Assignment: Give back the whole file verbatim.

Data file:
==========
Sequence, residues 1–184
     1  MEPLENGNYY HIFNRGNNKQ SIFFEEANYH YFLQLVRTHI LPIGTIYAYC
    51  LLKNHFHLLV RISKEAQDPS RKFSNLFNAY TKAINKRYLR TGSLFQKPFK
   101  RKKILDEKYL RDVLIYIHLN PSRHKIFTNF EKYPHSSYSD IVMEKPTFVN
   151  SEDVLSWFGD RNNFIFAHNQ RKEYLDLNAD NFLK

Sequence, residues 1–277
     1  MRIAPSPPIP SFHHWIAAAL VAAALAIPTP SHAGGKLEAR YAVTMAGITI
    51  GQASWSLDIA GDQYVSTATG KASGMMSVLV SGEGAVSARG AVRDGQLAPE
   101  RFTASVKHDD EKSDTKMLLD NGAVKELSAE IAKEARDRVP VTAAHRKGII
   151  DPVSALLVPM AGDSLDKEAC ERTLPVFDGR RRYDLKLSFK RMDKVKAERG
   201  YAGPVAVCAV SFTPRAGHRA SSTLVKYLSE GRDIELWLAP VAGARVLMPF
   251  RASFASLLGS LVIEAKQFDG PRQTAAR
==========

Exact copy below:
Sequence, residues 1–184
     1  MEPLENGNYY HIFNRGNNKQ SIFFEEANYH YFLQLVRTHI LPIGTIYAYC
    51  LLKNHFHLLV RISKEAQDPS RKFSNLFNAY TKAINKRYLR TGSLFQKPFK
   101  RKKILDEKYL RDVLIYIHLN PSRHKIFTNF EKYPHSSYSD IVMEKPTFVN
   151  SEDVLSWFGD RNNFIFAHNQ RKEYLDLNAD NFLK

Sequence, residues 1–277
     1  MRIAPSPPIP SFHHWIAAAL VAAALAIPTP SHAGGKLEAR YAVTMAGITI
    51  GQASWSLDIA GDQYVSTATG KASGMMSVLV SGEGAVSARG AVRDGQLAPE
   101  RFTASVKHDD EKSDTKMLLD NGAVKELSAE IAKEARDRVP VTAAHRKGII
   151  DPVSALLVPM AGDSLDKEAC ERTLPVFDGR RRYDLKLSFK RMDKVKAERG
   201  YAGPVAVCAV SFTPRAGHRA SSTLVKYLSE GRDIELWLAP VAGARVLMPF
   251  RASFASLLGS LVIEAKQFDG PRQTAAR